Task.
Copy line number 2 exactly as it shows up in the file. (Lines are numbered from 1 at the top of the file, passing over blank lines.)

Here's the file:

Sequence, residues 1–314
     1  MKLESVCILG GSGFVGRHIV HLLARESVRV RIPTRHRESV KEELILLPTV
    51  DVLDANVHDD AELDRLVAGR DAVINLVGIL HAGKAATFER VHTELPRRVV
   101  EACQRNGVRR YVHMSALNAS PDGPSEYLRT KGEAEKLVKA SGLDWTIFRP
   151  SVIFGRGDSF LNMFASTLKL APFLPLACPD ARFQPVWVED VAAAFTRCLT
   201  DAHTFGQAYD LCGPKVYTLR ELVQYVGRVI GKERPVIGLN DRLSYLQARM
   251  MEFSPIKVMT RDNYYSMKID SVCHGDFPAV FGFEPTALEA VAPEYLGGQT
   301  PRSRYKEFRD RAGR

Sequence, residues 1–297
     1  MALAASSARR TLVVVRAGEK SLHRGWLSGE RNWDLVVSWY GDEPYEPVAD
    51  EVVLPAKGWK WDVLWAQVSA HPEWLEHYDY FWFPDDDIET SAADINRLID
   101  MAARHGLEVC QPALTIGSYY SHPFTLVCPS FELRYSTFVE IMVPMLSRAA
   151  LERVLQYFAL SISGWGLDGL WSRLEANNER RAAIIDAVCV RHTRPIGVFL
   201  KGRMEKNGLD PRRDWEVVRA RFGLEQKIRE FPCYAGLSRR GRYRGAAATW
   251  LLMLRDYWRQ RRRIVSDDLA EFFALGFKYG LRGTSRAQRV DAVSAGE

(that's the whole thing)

     1  MKLESVCILG GSGFVGRHIV HLLARESVRV RIPTRHRESV KEELILLPTV